Five people, including a police officer who was caught up in the violence, were killed in the insurrection, and others were injured, including police. Law enforcement officials have found no evidence to support the “distraction” assertion, which has been circulated by some conspiracy theorists.  

Federal authorities have made more than 50 arrests and the number of investigations is close to topping 300. Parker doesn’t hold the president and his defiant speech to a rally before the assault responsible for what happened next. “He didn’t say, ‘Go bust into the Capitol,’ so I don’t think that was his fault at all,” she said.

People listen as Donald Trump Jr. speaks, Jan. 6, 2021, in Washington, at a rally in support of President Donald Trump called the "Save America Rally."

In the poll, more than a third of those surveyed, 36%, say Trump bears little or none of the blame for the assault. But a majority of Americans do hold him responsible. About half, 48%, say the president bears “a lot of blame” for the attack, and another 14% say he bears some blame. 

Nicholas Williams, 24, a Democrat from Nashville who voted for Biden, said he wasn’t surprised when it happened. “It’s something that escalated slowly over four years because of Trump’s repeated lies,” the maintenance technician said.  

Now a small majority supports removing Trump from office. Among those, six in 10 endorse impeachment. In a bipartisan vote, the House last week approved an Article of Impeachment charging Trump with “incitement to Insurrection.” The Senate trial isn’t expected to begin until sometime after Biden’s inauguration. 

“Obviously, he’s going to be out of office … but it was good to kind of just send a message, and especially for democracy,” said Jonathan Muteba, 28, an engineer from Somerville, Massachusetts. A Democrat, he voted for Biden. “It’s basically saying that no one is above the law and there’s consequences for your actions.”

There is some skepticism about the value of impeachment once Trump has left office anyway. While 42% call congressional action “necessary to preserve democracy,” another 25% say it is a “distraction from other important legislative priorities,” and 26% call it a waste of time.

The dominant emotion? ‘Worried’

Trump’s refusal to concede the election and the violence that followed have robbed Biden of some of the good feeling that new presidents typically enjoy.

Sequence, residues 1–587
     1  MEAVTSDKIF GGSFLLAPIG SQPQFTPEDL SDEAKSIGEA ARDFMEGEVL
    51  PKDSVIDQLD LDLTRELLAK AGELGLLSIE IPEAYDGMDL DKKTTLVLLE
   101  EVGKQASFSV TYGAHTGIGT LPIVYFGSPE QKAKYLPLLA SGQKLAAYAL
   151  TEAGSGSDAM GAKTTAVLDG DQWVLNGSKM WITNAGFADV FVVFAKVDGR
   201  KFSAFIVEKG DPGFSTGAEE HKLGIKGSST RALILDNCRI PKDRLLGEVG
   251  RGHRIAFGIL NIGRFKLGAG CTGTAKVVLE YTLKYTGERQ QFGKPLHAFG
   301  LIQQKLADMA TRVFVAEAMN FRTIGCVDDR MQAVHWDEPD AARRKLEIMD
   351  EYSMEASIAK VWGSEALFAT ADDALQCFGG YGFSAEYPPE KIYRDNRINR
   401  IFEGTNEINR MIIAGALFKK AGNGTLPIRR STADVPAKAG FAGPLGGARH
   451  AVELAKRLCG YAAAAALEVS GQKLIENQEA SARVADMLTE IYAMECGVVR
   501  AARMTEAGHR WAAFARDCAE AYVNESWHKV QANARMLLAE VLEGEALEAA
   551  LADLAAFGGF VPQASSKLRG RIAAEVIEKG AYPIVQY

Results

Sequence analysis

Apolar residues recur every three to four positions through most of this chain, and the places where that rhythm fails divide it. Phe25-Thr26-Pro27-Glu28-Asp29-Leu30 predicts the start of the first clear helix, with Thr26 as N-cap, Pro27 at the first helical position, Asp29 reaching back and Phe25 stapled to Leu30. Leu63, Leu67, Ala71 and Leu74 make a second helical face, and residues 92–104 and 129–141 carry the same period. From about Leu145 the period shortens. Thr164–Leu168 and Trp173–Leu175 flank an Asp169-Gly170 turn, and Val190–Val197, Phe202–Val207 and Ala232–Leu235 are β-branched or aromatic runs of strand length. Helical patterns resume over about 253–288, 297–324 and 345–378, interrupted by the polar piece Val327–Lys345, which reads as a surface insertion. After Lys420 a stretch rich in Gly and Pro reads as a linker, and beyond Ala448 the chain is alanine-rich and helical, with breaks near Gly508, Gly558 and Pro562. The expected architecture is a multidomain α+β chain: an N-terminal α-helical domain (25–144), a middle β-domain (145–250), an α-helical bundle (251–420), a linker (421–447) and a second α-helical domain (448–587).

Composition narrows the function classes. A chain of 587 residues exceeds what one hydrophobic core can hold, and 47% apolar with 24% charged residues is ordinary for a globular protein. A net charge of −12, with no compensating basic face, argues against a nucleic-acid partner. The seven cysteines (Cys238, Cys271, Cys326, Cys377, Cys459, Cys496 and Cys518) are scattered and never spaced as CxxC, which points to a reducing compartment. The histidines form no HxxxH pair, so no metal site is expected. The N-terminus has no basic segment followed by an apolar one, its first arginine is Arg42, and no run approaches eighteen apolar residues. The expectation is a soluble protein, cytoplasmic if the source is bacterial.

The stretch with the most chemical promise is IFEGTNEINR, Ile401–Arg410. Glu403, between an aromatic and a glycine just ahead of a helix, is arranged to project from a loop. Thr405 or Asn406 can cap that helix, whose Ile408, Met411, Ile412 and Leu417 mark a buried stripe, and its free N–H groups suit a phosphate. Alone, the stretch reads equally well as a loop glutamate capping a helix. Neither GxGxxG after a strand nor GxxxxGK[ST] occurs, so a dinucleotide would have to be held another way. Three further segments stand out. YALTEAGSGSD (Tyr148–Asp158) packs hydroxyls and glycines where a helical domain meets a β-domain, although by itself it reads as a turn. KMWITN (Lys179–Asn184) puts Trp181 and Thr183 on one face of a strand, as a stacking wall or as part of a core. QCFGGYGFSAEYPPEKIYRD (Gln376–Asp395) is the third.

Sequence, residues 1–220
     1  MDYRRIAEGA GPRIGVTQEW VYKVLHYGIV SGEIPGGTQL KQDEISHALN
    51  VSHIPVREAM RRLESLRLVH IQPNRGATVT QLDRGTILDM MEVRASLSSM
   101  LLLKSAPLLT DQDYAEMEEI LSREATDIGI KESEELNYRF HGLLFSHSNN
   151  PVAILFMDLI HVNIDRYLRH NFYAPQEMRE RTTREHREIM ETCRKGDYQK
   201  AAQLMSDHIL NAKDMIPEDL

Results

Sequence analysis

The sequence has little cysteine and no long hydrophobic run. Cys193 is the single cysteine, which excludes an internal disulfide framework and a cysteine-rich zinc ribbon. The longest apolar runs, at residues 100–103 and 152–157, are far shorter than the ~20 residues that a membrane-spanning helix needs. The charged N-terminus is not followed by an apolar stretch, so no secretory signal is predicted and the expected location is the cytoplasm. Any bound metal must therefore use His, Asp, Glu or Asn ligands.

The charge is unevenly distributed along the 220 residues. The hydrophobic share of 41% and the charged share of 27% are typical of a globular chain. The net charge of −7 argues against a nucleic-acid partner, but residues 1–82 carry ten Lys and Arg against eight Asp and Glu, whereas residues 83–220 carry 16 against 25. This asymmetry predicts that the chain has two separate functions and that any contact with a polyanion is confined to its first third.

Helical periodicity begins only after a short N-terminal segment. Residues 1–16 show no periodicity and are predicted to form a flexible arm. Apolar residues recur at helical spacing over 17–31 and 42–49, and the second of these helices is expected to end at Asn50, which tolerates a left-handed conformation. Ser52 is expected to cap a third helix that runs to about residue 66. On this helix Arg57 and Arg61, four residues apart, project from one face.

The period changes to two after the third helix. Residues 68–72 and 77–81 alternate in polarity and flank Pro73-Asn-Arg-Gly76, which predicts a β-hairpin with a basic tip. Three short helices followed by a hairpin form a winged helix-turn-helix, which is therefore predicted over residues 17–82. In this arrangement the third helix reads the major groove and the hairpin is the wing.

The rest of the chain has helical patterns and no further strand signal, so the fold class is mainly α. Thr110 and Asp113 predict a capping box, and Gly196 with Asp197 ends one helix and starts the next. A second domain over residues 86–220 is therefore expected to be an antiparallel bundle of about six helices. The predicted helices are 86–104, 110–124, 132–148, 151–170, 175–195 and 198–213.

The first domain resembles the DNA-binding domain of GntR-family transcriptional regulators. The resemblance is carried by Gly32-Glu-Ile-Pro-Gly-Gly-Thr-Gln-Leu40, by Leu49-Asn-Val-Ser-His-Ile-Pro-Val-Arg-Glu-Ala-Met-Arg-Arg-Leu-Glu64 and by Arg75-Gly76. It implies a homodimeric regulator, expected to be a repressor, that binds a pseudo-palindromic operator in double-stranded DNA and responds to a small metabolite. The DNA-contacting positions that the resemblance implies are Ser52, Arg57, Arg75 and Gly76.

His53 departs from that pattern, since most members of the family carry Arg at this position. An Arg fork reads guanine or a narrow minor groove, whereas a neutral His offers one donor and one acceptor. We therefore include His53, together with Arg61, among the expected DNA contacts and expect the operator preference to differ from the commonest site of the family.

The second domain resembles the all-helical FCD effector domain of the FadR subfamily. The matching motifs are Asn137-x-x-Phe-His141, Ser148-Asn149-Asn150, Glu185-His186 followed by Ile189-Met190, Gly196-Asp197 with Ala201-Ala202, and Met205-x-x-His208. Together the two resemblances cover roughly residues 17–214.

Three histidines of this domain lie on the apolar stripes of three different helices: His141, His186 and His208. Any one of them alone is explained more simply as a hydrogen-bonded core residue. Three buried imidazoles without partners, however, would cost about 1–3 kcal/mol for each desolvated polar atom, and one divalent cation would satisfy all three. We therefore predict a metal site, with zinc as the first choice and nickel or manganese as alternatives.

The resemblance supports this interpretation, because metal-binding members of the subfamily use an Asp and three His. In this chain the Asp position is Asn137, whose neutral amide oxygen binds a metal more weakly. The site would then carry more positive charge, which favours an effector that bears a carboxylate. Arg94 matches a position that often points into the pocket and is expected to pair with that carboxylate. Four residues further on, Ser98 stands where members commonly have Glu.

Even now, one in three voters, 32%, say Biden was not legitimately elected president. “There’s overwhelming evidence of fraud,” insists Renee Vlum, 67, a software consultant from Stillwater, Minnesota. “How can you trust anything after that?”

The accusation of significant voter fraud, pressed by Trump, has been repeatedly dismissed by the courts (in some instances by Trump-appointed judges), rejected by Republican and Democratic state election officials and found to be without merit by independent fact-checkers.

Georgia election official:Trump legal team ‘intentionally misled’ voters on election fraud

In the poll, 64% said Biden was legitimately elected, just two points higher than in December.

Approval of the job Biden has done since the election dipped just a bit since December, down five points to 46%, although his disapproval also dropped two points, to 29%. One in four, 24%, said they were undecided.

President-elect Joe Biden lays out his coronavirus plan on Jan. 14, 2021, in Wilmington, Delaware.

Many Americans seem to be taking a wait-and-see attitude toward the new president. Asked how they would feel about his presidency, regardless of how they voted, precisely half chose a positive emotion; 26% said “excited” and 24% “good.” But the biggest share, 36% said they would feel “worried,” and 6% said “angry.”

“I don’t see people ever rebuking Trump’s ideology,” says Williams, the Biden voter from Nashville. He’s hopeful but not convinced that Biden’s call for bipartisanship will prevail. “Unless that actually works,” he said, “I don’t ever see things becoming closer to normality.”

Derek Tonkin, 40, a Trump voter from Waco, Texas, also isn’t sure what’s ahead. “Like, I hope that doesn’t happen again,” the IT worker said of the Capitol violence. “But the way things are right now, everybody’s just so angry. And it’s hard to tell what’s going to happen next.”